perspective on the physiology of the other sex, Arnold said. One example of how studying sex differences can provide a new perspective is differential susceptibility. In humans, males die at a greater rate at every life stage than females, except at the oldest ages. This comparison leads to the question of how to lower mortality of males to match that of females. What protective factors exist in females that could be used to lower male mortality? Without comparison of the sexes, this question would not occur.
Another example is X-inactivation, a female-specific physiological process. Females inherit two copies of every gene on the X chromosome while males inherit only one copy of the X chromosome in addition to the Y chromosome. For normal female development to occur one X chromosome must be inactivated resulting in equivalent X chromosome gene product levels between males and females. This mechanism of dosage compensation (X-inactivation) can be understood through direct comparison between male and female gene product levels.
Investigators often only study sex-specific factors in one sex. Although this approach provides helpful information, it is also important to compare identical treatments in males and females to determine if responses are similar or different.
Ten years have passed since the publication of the Institute of Medicine (IOM) report on sex and gender differences in health, Arnold reminded participants (IOM, 2001). During that time, there has been a shift in the conceptual framework for explaining the proximate signals that cause sex differences, and increased consideration of the concept of compensation (the notion that some sex-specific factors make the sexes more equal, e.g., X-inactivation).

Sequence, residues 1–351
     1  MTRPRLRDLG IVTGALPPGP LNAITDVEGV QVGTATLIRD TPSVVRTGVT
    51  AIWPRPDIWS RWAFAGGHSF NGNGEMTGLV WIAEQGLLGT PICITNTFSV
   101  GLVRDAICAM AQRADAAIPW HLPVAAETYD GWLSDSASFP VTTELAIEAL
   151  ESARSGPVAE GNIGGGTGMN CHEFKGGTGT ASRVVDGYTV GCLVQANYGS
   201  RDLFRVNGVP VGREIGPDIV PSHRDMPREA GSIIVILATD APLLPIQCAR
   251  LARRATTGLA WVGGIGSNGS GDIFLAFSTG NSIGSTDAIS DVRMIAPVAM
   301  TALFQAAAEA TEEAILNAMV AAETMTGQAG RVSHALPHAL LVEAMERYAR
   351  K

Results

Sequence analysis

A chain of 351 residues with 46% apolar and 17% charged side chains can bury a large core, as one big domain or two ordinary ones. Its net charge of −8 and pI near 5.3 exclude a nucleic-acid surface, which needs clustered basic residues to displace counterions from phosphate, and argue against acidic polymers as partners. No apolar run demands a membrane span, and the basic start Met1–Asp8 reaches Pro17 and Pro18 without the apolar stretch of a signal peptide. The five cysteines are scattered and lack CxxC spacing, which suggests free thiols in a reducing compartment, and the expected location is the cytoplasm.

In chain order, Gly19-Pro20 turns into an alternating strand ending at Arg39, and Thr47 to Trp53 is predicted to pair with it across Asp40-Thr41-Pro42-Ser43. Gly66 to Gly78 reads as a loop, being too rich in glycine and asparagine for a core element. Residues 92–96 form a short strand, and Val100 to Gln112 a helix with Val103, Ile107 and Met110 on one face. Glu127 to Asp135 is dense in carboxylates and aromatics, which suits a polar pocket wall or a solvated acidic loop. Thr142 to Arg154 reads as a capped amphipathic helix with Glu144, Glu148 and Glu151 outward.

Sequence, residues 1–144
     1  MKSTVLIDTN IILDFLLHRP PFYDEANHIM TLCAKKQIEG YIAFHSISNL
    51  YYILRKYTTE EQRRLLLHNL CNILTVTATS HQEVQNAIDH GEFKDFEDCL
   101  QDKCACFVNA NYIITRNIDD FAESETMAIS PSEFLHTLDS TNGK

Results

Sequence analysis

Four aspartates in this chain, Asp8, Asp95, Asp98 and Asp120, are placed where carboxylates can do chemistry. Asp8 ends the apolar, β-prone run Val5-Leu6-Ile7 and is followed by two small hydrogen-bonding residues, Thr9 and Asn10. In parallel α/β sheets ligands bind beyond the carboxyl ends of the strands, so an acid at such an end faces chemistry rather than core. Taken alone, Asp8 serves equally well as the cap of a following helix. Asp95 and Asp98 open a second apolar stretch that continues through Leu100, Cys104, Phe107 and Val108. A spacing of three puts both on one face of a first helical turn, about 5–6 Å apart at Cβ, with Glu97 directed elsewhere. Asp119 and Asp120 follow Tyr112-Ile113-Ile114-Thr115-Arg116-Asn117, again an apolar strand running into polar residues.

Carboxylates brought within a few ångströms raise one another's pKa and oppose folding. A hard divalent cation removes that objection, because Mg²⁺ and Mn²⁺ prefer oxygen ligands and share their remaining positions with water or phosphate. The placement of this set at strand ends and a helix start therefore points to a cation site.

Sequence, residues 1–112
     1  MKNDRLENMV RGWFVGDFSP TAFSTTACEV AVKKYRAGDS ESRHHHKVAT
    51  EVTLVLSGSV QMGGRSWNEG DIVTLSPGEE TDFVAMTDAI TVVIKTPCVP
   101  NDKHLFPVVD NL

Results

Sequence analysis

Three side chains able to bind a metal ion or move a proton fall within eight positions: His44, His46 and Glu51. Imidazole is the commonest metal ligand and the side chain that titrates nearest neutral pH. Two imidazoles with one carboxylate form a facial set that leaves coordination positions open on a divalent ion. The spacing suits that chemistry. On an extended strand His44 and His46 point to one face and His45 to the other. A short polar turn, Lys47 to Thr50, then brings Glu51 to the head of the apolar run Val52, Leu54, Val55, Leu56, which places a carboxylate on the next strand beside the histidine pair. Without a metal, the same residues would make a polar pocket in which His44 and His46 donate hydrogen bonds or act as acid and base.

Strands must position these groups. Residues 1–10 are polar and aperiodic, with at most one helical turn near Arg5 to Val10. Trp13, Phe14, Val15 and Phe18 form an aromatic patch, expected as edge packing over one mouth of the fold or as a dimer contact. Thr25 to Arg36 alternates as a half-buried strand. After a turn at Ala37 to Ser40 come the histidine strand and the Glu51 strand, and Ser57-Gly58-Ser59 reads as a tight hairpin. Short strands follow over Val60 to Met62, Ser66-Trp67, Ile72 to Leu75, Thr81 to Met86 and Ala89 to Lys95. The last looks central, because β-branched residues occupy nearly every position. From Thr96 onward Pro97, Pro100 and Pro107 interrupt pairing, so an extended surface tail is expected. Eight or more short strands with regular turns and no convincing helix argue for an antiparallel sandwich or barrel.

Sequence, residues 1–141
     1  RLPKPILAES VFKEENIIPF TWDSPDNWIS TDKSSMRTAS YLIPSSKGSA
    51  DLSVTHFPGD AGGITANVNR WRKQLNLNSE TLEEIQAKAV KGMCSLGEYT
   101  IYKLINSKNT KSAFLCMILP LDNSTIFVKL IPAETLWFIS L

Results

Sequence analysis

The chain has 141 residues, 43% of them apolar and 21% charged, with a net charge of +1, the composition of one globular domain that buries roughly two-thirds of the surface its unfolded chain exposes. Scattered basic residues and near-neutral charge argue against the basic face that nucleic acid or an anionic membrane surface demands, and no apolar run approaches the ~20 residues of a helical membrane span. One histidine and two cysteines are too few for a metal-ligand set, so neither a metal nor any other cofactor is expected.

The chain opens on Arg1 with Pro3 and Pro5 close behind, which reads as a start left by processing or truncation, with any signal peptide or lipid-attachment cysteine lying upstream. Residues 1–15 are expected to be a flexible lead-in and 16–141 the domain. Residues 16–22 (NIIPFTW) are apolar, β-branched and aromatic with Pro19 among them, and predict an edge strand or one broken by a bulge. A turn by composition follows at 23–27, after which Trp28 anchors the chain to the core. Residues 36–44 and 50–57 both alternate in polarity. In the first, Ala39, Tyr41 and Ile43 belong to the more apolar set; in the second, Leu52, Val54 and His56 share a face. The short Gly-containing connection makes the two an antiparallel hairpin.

According to the traditional model for the physiologic basis of sex differences, the Sry gene on the Y chromosome causes testes to develop; and testicular secretions, such as testosterone, influence masculine body and brain development. In the absence of Sry, ovaries develop, testosterone is lacking, and a feminine body and brain develop. There are two major classes of gonadal hormone action. Organizational (differentiating) effects are permanent, such as the testosterone-induced irreversible commitment of a tissue to a masculine rather than a feminine phenotype. Organizational effects impact external and internal genitals, and brain circuits. Activational effects are reversible; the resulting sex differences in traits are caused by differences in secretion of sex steroids at the time of measurement and can be abolished by gonadectomy in adulthood.
Most sex differences, Arnold said, might actually be caused by activational effects. He cited a microarray study of sexually dimorphic gene